A couple of weeks ago, Natalie Fohl, the president of Choose Life McGill, stood up in front of a small crowd in Leacock 232 to introduce her club and the guest speaker she had invited to give a talk that night, anti-abortion activist Jose Ruba. “Our goal is to promote respect for human life,” she began, before adding that she hoped the event would “encourage discussion and thoughtful consideration of abortion.”
It was a reasoned introduction, but 30 seconds after Ruba took the stage, he was suddenly interrupted by a group of protesters. Shouts of “Please go” echoed through the room in sync with the pounding of fists on desks. Ruba’s supporters began to get upset; a man in the audience compared the disrupters to the Hitler Youth. Campus security was called first, followed by the police. In the end, the talk was cancelled, two protestors were arrested, and McGill came off looking like a black hole for free speech. What the hell happened?
Admittedly, the title of Ruba’s talk – “Echoes of the Holocaust” – sounded a little crazy, if not offensive. But even if Ruba had been giving a less controversial anti-abortion talk, does debating such a controversial topic in an environment of opinionated students actually lead to “thoughtful consideration” as Fohl and others had hoped?
In 1978, Mark Lepper, a professor of psychology at Stanford University, ran an experiment to see if he could change the opinions that Stanford students held on the death penalty. Lepper surveyed a random sample of undergraduates and chose 24 that were strongly in favour of capital punishment and 24 that were strongly opposed to it. He then presented each of the 48 students with two written statements. The first detailed a study showing that murder rates were lower in states that had the death penalty; the second detailed a different study showing that murder rates were actually higher in states that had the death penalty.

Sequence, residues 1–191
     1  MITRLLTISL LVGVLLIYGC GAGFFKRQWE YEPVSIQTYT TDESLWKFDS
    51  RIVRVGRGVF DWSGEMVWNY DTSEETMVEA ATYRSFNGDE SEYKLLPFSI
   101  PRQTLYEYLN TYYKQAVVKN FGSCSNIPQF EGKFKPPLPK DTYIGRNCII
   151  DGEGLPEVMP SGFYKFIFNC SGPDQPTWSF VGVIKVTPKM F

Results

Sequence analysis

Given such conflicting information, one might predict that the students’ extreme views on the death penalty would be moderated, but this is not what Lepper found. After reading the statements, those that favoured the death penalty before were now more in favour of it, and those that opposed the death penalty before were now even more opposed to it: views had become more extreme, not less. Lepper concluded that the students simply believed information that confirmed what they already thought and ignored everything else.
A 2004 study used brain imaging to examine Lepper’s finding, dubbed “motivated reasoning,” in more detail. Scientists at Emory University in Georgia put committed Republicans and Democrats in a brain scanner and presented them with information that showed then-Republican president George W. Bush and Democratic senator John Kerry committing acts of hypocrisy – a Bush quote, for instance, extolling America’s troops, followed by the revelation that on the same day he cut health benefits to thousands of war veterans.
While still running the brain scanner, the scientists then asked each subject what they thought about the two politicians. Surprise, surprise – the Democrats labelled George Bush a hypocrite while excusing John Kerry’s actions, and the Republicans labelled John Kerry a hypocrite while excusing George Bush’s actions.
What the brain scanner found, though, was more interesting. When the subjects were calling the politician they disliked a hypocrite, brain regions associated with normal reasoning lit up. But when they were excusing the hypocritical actions of the politician they favoured, brain regions associated with both reasoning and strong emotions lit up. The scanner had caught them in the act: when it came time to thoughtfully consider information that went against what they believed in, the subjects simply couldn’t – their reasoning was coloured by emotion.
Daniel Lametti’s column will be back again in two weeks. In the meantime, send extremely emotionally-invested opinions only to email@example.com.